And I have to wonder, is this really anything more than drunken rambling?But it’s been bothering me for a while now. So I suppose I just had to get it out there.

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Page & Screen: What It’s All About

If nothing else relatively new comes out of this, then this is, perhaps, the most obvious. I’ve been in two minds about this for quite some time because it would be easy enough to say: ‘well, what the hell does it have to do with literature?’ But really, the connections do exist and they’re fairly obvious, so sure, I feel as though I can justify the existence of this new … ‘project’, at least in my own mind.


Fear And Loathing In Las Vegas; 1996, Dir. Terry Gilliam
Based On the Novel By Hunter S. Thompson

From the stellar success of franchises like Harry Potter, The Hunger Games and, (as much as I hate to admit it) Twilight, to groundbreaking cult classics such as Fear And Loathing In Las Vegas (pictured above) and Fight Club , adaptations are firmly rooted in cinema history.

In the best scenarios, a successful adaptation will capture the essence of the book and highlight the themes that run through it without forgetting the importance of the visual and sensory aspects that contribute to the experience. The worst-case scenarios usually involve sacrificing the substance of the novel for the style of the film. Essentially, it’s about finding a balance that showcases the strengths of both mediums ; and when it works, the end result can be fantastic.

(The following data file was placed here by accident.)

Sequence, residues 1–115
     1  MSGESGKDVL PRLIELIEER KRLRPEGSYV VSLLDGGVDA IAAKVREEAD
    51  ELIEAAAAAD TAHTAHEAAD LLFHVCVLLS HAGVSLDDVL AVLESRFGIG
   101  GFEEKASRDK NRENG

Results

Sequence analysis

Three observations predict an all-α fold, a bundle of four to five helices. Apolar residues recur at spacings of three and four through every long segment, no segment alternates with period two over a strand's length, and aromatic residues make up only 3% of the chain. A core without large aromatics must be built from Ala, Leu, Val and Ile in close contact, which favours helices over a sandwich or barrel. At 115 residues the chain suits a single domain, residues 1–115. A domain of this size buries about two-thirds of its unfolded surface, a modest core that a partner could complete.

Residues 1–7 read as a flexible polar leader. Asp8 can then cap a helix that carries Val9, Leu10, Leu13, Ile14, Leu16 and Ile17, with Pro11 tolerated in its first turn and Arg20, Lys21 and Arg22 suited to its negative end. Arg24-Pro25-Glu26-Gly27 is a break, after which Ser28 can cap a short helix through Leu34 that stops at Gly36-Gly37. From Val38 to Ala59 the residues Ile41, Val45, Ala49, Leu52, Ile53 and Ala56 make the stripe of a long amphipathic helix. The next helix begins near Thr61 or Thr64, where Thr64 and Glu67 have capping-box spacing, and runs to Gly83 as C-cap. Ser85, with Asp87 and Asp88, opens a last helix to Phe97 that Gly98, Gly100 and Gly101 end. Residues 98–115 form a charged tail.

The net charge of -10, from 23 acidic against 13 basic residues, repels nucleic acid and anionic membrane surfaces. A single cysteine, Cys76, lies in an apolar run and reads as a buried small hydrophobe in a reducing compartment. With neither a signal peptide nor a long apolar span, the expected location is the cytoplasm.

I have to admit, I’m more inclined to focus on the positive where I can here. Not every adaptation works, and not ever novel will be ideal to make the transition from page to screen; but I don’t feel as though bringing a book to the silver screen is really a bad thing in most cases. There’s a level of disconnection that maybe has to be exercised – it’s easier to treat the book and the film of the book as separate entities entirely because both usually have strengths of their own. There are ways we envision and interpret the things we read that don’t always add up, ways in which the film actually improves on what we imagined, and ways in which what is on the screen doesn’t quite meet our expectations.  I mean, I feel a little like I’m preaching to the choir here. I’m going over things that mostly everyone knows in a bid to try and explain this project, when maybe it doesn’t need that much explaining.

So the goal? To take a look into the transition from page to screen; what makes an adaptation successful? What makes it fall flat? Is there ever any such thing as a faithful adaptation, or will there always be the need for some kind of ellipsis? I also plan on taking a look into how the themes of the source material are represented on screen, if at all, and how, as well as the cultural impact these films tend to make. The intention is to break this little project up into sections focusing on different things, but exactly what these things are I have yet to determine. But the real challenge will be keeping it in line with everything else that goes on here, because this is not a movie blog. It is simply that the two mediums have a lot in common with each other.

That’s the plan, anyway. We’ll see how it works out sooner or later.